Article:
“I forbid it!” shouted the Wardruid, and the entire house shook at the sound of his staff. His eyes blazed like the embers after a forest fire, the vines wrapped around the wooden columns and tightened their grip, and the animals of the grove howled in unison.

His elven family looked away, embarrassed and frightened. Glowleaf especially so, since he had been the one to cause this outburst. “F-Father, I…”

“Enough!” the Wardruid cut him off.

His wife touched his arm gently. Apparently her gentle touch was enough to calm the beast that threatened to escape her husband’s considerable power of will.

“Enough,” he repeated, calmer now, but with no less conviction. He looked at each one of his family members around the table, meeting their gaze and winning the staring contest before moving on to the next. Sunleaf, Darkleaf. The last one, the most unfortunate, was the eldest son, Glowleaf. “You will remain at your home and finish your studies.”

“But father,” Glowleaf complained as if he was a child forty years younger, “I’ve been studying for sixty years now!”

“The mere fact that you think that’s enough speaks volumes of your naivete. Son, one day you will pick up my mantle. You will be the one to defend the grove. Until then, you must train, you must study, and most importantly, you must stay here where you belong.”

Glowleaf opened his mouth to speak, then shut it. He looked at his brother for support. “Darkleaf, please. Tell father how you too think the grove is boring. How we talked about visiting the human city. How we want to go out, explore the world, see its wonders. It’s just one year. What harm can one measly year do when we have a thousand of them to spend in the grove?”

He expected his brother to agree, to support his argument, to stand up against their father and convince him to let them go. Together, like they had dreamt about.

Darkleaf chuckled. “I have never said such a thing. I’m happy to finish my studies and take up our family’s duties in the grove, brother.”

“But you said-“

“Surely, it was the wine talking, brother.” Darkleaf looked back at father and bowed his head. “Fantasies. It was never a real plan. Not for me, at least.”

Their mother went to grab Glowleaf’s arm. She looked up at him, though an imposing woman, she wasn’t as tall as the three men of her family. “What about your betrothed, Glowleaf? What will she think if you abandon her?”

Glowleaf felt uncomfortable at the thought of leaving Lemonia, sure. They knew each other since they were kids, betrothed to each other since before they were even born. By the gods, they didn’t even know what that actually meant until a few years ago. They were both a hundred years old, teenagers by elven standards, barely young adults.

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Things moved maddeningly slow in the elven grove, and that was exactly what drove Glowleaf insane. It was that trade caravan from the human city, Patra. The elves weren’t completely isolated, they were just cautious of the quick races, which meant pretty much everybody. When he saw the humans from afar, being loud, obnoxious but interesting, with no regard for the forest but with the courage to risk getting an arrow between the eyes at the prospect of a good trade, he was fascinated. He kept running the outskirts of the forest, and though he kept his distance, he watched the humans and the other races from afar.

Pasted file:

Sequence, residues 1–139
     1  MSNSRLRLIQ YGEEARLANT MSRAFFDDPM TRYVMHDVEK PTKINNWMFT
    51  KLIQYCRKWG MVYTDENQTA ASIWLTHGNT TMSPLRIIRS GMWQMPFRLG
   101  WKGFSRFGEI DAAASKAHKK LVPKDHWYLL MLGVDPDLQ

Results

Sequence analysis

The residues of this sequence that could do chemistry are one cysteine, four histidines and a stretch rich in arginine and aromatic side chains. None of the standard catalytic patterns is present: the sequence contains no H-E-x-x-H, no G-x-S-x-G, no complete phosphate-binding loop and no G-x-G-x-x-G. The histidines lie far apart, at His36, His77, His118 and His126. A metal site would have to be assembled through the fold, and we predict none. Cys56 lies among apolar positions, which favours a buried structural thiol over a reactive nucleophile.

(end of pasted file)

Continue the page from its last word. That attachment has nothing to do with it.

Things moved so fast in their world. There was so much going on.

But in the grove…

Sigh.

Glowleaf took in a deep breath and then let it go. “Father, I promise. It’ll only be for a year. Nothing ever happens in the grove. It’s so maddeningly boring. These are the same trees, the same houses, the same people that I’ve known all my life. I want to explore. I want to see the world.”

The Wardruid’s eyes looked tired, but his attention was on his son. “The world of the humans.”

“Yes!” Glowleaf threw his arms up in the air and started walking around the dinner table. It was alive, grown out of the root of the house’s tree. All houses had a tree, and their house had one that had provided for the grove for a thousand years.

The Wardruid was not the chief, but he had protected the grove against a thousand enemies.

He had the scars to prove it. His father was imposing, tough, and full of scars. The fact that he possessed magical healing that could restore almost any wound back to health was indicative of what those things were that had managed to leave those scars.

Dark magic.

Not evil. Just dark.

He dared to look up at his father’s face. He didn’t look angry anymore, just disappointed. “I just want to see the world.”

Everybody turned to the Wardruid for his final say.

“I forbid it,” he said with a low, rumbling voice and then turned his back and walked out of the dining hall, his staff turning into a boa and slithering after him.

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